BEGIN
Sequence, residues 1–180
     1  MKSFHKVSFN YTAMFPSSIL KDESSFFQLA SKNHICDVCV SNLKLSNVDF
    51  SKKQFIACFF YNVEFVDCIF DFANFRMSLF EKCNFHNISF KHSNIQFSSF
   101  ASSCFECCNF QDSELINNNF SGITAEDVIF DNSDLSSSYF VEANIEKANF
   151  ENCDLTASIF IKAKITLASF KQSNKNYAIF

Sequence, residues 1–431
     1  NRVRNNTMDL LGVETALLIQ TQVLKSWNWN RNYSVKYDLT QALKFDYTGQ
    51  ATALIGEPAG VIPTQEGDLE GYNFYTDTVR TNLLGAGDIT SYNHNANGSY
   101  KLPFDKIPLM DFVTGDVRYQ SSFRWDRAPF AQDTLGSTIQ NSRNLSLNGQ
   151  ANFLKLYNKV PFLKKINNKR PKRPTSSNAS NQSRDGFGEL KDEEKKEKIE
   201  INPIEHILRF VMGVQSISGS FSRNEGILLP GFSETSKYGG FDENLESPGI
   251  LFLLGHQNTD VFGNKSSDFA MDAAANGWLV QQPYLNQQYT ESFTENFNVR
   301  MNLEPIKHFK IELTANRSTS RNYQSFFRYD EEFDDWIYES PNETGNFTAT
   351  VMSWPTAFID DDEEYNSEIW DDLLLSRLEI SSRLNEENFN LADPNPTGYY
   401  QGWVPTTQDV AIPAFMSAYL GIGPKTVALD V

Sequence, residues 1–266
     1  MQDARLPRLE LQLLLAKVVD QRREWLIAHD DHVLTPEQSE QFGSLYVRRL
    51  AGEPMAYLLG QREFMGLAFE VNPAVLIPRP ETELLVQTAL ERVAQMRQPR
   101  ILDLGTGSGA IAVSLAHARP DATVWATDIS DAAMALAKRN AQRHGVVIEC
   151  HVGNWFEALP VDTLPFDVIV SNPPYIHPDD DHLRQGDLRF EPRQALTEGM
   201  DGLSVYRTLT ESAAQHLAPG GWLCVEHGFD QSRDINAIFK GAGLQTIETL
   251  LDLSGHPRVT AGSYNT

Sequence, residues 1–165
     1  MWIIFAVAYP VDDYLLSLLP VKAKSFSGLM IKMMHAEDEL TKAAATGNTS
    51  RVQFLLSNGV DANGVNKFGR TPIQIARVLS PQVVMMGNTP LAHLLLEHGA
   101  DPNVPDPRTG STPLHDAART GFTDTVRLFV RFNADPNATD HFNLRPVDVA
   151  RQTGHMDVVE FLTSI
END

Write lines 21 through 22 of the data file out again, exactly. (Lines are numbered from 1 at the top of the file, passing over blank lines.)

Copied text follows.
   201  DGLSVYRTLT ESAAQHLAPG GWLCVEHGFD QSRDINAIFK GAGLQTIETL
   251  LDLSGHPRVT AGSYNT